Thursday, May 29, 2003

Mayor resigns county position

Will continue in Middletown job

By Janice Morse
The Cincinnati Enquirer

MIDDLETOWN - Embattled Mayor David Schiavone, on paid administrative leave from his Butler County Adult Probation Department job, on Wednesday signed a document that will end his 19-year county career.

But Schiavone said he planned to continue his mayoral duties as usual.

Schiavone, who is accused of being inappropriately absent from work 10 times this year, avoided a predisciplinary hearing by resigning. The hearing would have focused on Schiavone's alleged absences and an accusation that he approved three subordinates' time sheets though he was "aware that they were not working or sick,'' records show.

The three employees - Rick Baker, William Gray and Ron Wells - resigned earlier this year amid an investigation that included surveillance of their workday activities, officials said.

Schiavone would not discuss details of his resignation, which takes effect Monday. He also has not publicly explained his alleged improper absences.

"The separation agreement I've entered into speaks for itself," he said. "I'm ready to move on with my life, and it's in the best interest for my family to focus on the future, and a separation from the county is best for me and my family."

He referred a request for a copy of the agreement to his lawyer, Steve Lazarus, who did not return a telephone call Wednesday. Three county officials who are aware of the case said Wednesday that Lazarus had not yet given them a copy of the document Schiavone signed.

Doug Duckett, county personnel director, said Schiavone's resignation ends the potential for civil court battles over any discipline he may have faced. But Duckett couldn't say whether criminal charges were being pursued as a result of the Probation Department's internal probe.

County Prosecutor Robin Piper said he would not comment until he knows the terms and conditions of the Schiavone agreement. Piper said he also wanted to hear more from Schiavone's boss, Gary Yates, about his findings.

Yates, chief probation officer and court administrator for the Common Pleas Court's General Division, has said he was reviewing more than 400 probationers' case files to make sure none of the cases were mishandled.

Meanwhile, Schiavone said officials had made no finding regarding the allegations he had faced.

On March 31, Yates put restrictions on Schiavone's job, requiring him to stay in his office and file detailed activity reports. But Yates put Schiavone on paid leave April 14 after several co-workers complained Schiavone was allegedly pressuring them to make statements on his behalf.

Schiavone has been on Middletown City Council for more than a decade and is in his second consecutive year as the city's top elected official.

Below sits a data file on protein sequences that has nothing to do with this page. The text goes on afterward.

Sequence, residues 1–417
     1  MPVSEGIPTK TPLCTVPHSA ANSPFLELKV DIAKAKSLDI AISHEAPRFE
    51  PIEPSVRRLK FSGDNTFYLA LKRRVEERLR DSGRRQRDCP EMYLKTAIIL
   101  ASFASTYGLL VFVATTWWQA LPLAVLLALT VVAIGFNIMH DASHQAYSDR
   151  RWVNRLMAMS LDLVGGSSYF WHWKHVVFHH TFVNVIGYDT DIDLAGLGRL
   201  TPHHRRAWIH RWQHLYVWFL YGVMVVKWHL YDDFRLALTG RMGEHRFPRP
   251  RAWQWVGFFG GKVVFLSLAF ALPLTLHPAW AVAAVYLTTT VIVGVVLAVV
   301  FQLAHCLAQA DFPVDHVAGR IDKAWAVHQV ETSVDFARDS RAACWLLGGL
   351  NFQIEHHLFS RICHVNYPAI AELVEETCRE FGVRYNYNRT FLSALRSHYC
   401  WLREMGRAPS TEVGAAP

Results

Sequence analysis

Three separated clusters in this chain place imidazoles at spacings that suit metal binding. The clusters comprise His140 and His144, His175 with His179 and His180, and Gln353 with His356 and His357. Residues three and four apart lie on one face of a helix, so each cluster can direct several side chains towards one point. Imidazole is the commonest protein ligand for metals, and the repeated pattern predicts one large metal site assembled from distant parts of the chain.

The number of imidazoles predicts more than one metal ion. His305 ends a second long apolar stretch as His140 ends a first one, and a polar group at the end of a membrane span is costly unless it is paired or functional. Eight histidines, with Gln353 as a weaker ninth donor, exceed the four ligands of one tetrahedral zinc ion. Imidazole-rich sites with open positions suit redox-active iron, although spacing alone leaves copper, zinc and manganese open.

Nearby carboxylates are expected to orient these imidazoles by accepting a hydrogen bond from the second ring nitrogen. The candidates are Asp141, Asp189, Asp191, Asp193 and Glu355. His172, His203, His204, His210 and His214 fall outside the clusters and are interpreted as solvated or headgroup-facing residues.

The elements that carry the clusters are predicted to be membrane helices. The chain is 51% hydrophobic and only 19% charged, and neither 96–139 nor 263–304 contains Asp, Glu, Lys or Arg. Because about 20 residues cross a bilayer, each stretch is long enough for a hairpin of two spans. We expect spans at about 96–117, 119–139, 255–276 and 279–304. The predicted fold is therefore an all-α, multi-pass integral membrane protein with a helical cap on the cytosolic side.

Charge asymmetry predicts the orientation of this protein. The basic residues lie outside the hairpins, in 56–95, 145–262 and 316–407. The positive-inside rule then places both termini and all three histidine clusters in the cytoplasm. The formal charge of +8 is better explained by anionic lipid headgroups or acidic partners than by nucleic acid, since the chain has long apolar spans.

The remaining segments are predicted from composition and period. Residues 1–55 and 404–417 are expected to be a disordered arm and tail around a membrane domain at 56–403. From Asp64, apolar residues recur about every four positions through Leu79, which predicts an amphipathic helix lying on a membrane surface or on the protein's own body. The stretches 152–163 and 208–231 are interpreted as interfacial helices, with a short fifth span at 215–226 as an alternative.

"I plan to finish my year as mayor and I look forward to continuing to serve the citizens of Middletown,'' he said.

Vice Mayor Nancy Nix said, "If there are no findings against Schiavone, then I would be comfortable making no change'' in the mayor's position. "We need to presume he is innocent unless it is proven he is guilty of anything,'' she said.

City Councilman Robert "Sonny'' Hill said he "is glad it's over,'' and that he expects Schiavone's position as leader of the city council to remain unchanged.

Michael D. Clark contributed to this story. E-mail

Docs here pioneers in new bypass surgery aid
Skaters roll out with less in wallets
Rescuers collect rare crayfish to save them
Budget plan outspends Taft

City native still dreams of reaching the summit
A fancy dude in fancy duds
Mayor resigns county position
Mom's grief includes driver in son's death
Airport will have new trial to establish value of runway land
Obituary: Robert Dean, 65, FBI agent
Tristate A.M. Report

PULFER: Lead hazard
HOWARD: Some Good News

Mason in talks to get charges dropped
Inmate's guards may cost $300K
Voters to decide justice center issue
Mason invests in tracking students
Commissioners at odds over zoning changes
Township looks at zoning rules

Former President Bush promotes son's economic plan
OSU to get $11M for tech center
Ft. Stewart remembers comrade
Inmate gets 10 years in plot to kill sister-in-law
Cafeteria will be scanning fingers
Man admits one slaying, not two
Ohio Moments

Slaying not random act, mayor says
Inmate freed by DNA accused of shoplifting
Skate shop hopes to cater to cool crowd
Kids with wheels test-driving park
Water, sewer districts form security pact
Ky. computer programmer claims $9.6 lottery jackpot
Gay dads hope 2nd pregnancy calmer
Kentucky News Briefs